Testing from a Z specification
Languages such as Z, VDM, and B specify an operation from a system
by using predicate logic to state how the input and state before
the operation relates to the output and the state after the operation.
A number of authors have considered the problem of automating test
generation on the basis of a specification written in such a language.
One of the earliest, and most important, approaches to test
automation is the DNF method. Here the
specification is rewritten to Disjunctive Normal Form and a
partition of the input domain is formed from the preconditions of
the disjuncts. Test cases are drawn from each subdomain of the
While the DNF approach has many advantages, it may lead to a
combinatorial explosion. We have approached this problem
in two ways.
Only transform the specification part of the way to DNF.
This approach is inspired by the observation that the transformation
to DNF can be more fine grained than is required and thus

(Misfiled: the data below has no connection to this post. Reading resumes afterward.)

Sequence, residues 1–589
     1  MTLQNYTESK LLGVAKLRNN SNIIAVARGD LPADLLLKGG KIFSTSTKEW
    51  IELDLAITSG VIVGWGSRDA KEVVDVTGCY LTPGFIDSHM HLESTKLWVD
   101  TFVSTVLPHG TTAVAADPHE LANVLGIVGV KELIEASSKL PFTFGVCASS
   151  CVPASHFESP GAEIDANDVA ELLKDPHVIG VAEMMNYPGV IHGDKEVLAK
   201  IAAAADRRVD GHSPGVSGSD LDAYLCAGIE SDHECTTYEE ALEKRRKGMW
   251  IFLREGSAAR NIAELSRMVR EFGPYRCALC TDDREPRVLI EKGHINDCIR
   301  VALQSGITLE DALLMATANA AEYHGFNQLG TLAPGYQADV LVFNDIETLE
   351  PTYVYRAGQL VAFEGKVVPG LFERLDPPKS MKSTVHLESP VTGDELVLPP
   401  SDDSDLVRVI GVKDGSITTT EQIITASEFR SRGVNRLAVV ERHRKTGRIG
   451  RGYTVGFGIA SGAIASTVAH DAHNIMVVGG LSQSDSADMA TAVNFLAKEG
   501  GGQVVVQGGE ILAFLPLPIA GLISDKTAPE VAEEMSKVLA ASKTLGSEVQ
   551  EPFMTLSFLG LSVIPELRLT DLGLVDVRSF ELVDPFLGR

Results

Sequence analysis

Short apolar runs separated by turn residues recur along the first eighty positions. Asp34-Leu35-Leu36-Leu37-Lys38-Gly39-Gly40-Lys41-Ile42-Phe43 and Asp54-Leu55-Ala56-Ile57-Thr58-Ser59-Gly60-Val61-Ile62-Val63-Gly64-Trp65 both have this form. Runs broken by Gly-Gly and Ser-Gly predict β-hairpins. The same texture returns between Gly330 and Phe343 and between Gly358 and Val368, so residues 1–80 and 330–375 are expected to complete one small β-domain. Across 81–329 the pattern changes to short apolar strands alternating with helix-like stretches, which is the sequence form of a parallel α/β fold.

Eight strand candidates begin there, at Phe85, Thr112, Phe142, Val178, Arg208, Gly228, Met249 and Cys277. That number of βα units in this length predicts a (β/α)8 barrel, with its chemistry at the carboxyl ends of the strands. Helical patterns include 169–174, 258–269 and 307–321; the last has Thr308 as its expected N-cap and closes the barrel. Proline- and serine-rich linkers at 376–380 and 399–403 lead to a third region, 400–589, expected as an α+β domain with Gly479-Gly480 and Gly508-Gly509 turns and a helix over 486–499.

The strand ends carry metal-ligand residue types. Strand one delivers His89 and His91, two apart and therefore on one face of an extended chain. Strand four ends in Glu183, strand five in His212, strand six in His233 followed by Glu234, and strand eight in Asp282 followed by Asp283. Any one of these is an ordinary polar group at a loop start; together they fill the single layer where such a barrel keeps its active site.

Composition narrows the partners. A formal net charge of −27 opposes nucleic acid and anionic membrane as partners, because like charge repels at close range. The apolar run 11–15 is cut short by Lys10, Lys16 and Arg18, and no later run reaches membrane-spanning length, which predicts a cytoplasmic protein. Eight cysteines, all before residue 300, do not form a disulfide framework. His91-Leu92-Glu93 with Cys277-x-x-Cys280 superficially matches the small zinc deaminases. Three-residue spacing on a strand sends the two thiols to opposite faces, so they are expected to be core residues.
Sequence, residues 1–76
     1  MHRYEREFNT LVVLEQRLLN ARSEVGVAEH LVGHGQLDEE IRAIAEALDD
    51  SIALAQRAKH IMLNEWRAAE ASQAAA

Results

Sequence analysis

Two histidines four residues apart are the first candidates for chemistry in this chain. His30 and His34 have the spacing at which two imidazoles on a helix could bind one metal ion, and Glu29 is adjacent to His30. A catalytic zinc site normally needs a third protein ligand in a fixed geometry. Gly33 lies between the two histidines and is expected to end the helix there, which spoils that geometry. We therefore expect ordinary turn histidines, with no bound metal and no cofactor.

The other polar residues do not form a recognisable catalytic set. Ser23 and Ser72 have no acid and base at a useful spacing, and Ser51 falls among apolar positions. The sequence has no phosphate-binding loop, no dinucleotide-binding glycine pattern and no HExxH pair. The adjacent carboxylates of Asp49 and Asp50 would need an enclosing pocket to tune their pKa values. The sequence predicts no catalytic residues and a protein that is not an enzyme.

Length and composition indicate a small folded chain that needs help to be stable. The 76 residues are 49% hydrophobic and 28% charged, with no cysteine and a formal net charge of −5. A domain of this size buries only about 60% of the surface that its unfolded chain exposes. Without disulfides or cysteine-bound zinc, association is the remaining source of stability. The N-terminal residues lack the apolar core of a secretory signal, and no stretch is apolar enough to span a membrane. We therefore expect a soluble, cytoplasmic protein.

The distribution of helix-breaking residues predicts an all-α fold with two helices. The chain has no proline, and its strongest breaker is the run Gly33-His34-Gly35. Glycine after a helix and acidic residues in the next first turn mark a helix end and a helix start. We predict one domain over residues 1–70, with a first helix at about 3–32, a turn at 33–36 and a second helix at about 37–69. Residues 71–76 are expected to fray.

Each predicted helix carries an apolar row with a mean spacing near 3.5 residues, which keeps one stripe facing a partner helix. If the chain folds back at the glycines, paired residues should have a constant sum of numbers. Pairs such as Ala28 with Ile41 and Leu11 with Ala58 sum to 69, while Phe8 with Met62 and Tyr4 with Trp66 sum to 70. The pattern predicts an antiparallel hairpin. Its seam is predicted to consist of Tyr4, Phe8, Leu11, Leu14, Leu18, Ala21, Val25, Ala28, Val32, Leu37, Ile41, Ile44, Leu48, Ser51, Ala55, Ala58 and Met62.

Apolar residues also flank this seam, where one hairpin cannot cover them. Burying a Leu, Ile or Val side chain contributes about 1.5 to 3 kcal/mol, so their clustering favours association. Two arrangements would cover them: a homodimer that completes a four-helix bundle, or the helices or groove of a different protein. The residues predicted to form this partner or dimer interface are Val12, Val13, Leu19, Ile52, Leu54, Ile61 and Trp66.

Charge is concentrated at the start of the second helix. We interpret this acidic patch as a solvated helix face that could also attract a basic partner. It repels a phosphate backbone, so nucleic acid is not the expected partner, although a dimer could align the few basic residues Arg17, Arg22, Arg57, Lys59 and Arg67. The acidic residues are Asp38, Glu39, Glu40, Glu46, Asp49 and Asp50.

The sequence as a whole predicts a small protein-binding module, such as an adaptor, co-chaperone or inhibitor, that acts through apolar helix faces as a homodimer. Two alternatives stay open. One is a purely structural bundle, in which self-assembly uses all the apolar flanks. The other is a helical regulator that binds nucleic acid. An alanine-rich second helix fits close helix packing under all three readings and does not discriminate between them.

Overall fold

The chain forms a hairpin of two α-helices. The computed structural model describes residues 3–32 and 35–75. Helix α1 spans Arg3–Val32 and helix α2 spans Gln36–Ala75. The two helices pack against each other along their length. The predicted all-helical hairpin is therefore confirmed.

can expand the specification further than is required.
In addition, by only transforming the specification as
far as required we reduce the potential for unwanted
redundancy in our test suite.
Produce a classification tree from the specification and
combine classes from this tree to form
abstract test cases. While the use of all
combinations of classes might reproduce the combinatorial
explosion found in the DNF approach, the tester can choose to use
only some of the combinations.
R.M. Hierons, M. Harman, and H. Singh, 2003,
Automatically generating information from a Z specification to support the Classification Tree Method,
3rd International Conference of B and Z Users,
June 4-6, 2003, LNCS volume 2651, pages 388-407.
R. M. Hierons, S. Sadeghipour, and H. Singh, 2001,
Testing a System
specified using Statecharts and Z,
Information and Software Technology,
43 2, pp. 137-149.
R.M. Hierons, 1997,
Testing from a Z specification,
The Journal of Software Testing, Verification, and Reliability,
7 1, pp. 19-33.
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Last updated: 11th August 2004.
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